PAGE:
With the Italy game canceled because of Typhoon Hagibis, the All Blacks are going to have a crack at each other instead.
Maybe to save from getting a wee bit bored.
The players will have a full-contact practice match, utility back Ben Smith said on Friday, to stay sharp after losing the chance to do that against Italy in Toyota on Saturday.
Smith said it's pretty memorable when the All Blacks go at each other in a training game.
"They're pretty full on to be fair and I remember before the last World Cup, we had a game in Auckland like that," Smith said. "They got a referee in for that game.
"When you've got Dane Coles and the likes of Brodie Retallick and those kind of players, there's always going to be a bit of niggle. But that's always good."
New Zealand has had a couple of long breaks at this Rugby World Cup.
The defending champions banked some hard practice during a 10-day gap between their first two pool games in Japan. Because of the Italy cancellation, they'll have had 12 days off completely before the quarterfinals.
Rest is good, especially at a busy World Cup, but there are signs the All Blacks are possibly getting a little restless.
"If you're given what you ideally want, we'd have loved to have played," lock Sam Whitelock said.
There's an argument that too much rest can hurt a team as players get out of practice. Hence the big game at training.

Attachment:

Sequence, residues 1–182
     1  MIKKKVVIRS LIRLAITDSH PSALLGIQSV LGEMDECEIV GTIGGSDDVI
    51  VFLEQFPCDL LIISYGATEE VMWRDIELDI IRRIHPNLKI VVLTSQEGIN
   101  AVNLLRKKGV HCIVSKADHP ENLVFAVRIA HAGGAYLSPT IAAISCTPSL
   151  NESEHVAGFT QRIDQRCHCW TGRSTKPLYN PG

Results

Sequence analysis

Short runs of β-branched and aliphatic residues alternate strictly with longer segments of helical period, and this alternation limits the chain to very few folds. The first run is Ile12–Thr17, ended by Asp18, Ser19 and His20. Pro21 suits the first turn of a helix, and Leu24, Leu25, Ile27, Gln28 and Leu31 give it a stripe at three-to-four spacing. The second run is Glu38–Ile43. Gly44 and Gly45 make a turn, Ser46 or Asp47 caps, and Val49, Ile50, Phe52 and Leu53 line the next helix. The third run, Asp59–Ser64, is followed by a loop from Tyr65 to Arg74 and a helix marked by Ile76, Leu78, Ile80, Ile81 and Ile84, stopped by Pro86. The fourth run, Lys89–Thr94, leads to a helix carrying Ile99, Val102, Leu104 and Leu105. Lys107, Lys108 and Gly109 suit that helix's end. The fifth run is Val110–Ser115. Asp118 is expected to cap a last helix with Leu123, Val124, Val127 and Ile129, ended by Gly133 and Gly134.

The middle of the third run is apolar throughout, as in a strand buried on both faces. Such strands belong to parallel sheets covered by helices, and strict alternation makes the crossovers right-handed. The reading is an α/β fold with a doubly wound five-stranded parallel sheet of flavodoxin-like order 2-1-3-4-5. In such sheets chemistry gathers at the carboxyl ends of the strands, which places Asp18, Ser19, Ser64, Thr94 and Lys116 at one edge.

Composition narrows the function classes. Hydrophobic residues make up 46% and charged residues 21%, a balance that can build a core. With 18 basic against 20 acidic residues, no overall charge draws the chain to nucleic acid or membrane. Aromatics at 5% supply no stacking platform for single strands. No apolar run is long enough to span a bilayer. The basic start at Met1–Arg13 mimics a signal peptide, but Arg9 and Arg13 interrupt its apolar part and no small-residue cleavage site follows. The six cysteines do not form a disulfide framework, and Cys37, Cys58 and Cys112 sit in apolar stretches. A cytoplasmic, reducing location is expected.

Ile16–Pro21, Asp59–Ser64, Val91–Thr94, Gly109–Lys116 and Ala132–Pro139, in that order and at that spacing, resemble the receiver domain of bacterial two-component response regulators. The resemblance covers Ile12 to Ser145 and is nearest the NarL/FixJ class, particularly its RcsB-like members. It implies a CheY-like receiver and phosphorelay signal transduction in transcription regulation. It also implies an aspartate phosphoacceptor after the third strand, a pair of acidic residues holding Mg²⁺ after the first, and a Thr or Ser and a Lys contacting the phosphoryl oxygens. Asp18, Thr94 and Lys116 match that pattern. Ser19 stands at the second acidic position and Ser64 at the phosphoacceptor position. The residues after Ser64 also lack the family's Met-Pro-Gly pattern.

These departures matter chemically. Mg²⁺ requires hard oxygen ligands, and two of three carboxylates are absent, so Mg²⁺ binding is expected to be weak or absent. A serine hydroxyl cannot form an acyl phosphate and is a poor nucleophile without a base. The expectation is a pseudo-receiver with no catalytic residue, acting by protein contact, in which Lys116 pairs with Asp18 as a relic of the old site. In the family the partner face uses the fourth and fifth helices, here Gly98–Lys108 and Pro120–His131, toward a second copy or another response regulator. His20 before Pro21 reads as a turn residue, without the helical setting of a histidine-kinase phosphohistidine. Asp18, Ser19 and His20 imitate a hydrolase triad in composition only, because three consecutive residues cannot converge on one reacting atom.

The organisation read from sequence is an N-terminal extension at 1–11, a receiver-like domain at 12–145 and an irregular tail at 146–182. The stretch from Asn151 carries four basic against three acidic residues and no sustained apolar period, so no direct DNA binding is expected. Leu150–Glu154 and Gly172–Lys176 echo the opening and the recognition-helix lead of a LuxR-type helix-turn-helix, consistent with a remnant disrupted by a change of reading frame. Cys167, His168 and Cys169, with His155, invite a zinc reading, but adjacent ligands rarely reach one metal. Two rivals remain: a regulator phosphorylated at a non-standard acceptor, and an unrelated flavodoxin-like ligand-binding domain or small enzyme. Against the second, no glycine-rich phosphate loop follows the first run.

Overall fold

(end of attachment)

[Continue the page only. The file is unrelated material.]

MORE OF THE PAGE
But Whitelock said there's nothing to fear. The All Blacks sometimes have two weeks off between tests in the Championship.
"So, we should hopefully be in a good space for the quarterfinals," Whitelock said.
Not in a good space are Italy and captain Sergio Parisse.
They're going home after being denied the chance to keep their World Cup going. Italy needed to beat the All Blacks for the first time ever and deny them a bonus point to reach the quarterfinals.
Parisse, the 142-test veteran who's now set to retire, ripped into Rugby World Cup organizers over the cancellation and the lack of a backup plan to deal with Typhoon Hagibis.
He believed Italy was disrespected by World Rugby and local organizers. He said the match in Toyota on Saturday, when the typhoon should hit Japan, would not have been cancelled if the All Blacks needed the points to reach the quarters.
The game was called off by organizers for safety reasons. It's the latest and biggest of around 20 typhoons to affect Japan this typhoon season.
"It is ridiculous that there was no Plan B, because it isn't news that typhoons hit Japan," Parisse said. "We had the chance to play in a big stadium, against a great team. The alternative is Plan B. When you organize a World Cup you should have one in place.
"Sure, if Italy and New Zealand decide they don't want to play then fine, but if New Zealand needed the points, it wouldn't have been cancelled."
Whitelock has never been in a typhoon and said "you've got to listen to the people who know and take their advice." But he also understood where Parisse was coming from.
"It's a bit of frustration coming out," he said.
Whitelock and some of the All Blacks have dealt with cancelled games before, when Crusaders Super Rugby home matches in Christchurch were called off in 2011 because of the deadly earthquake, and last March after the deadly Mosque shootings in that city.
"In both instances you understand why," Whitelock said.
"Rugby's just a small thing. We tend to get carried away with it a little bit, we're so passionate about rugby, and we always want to go out and play, but sometimes the right thing is not playing. There would be nothing worse than if we did play and people were getting hurt."
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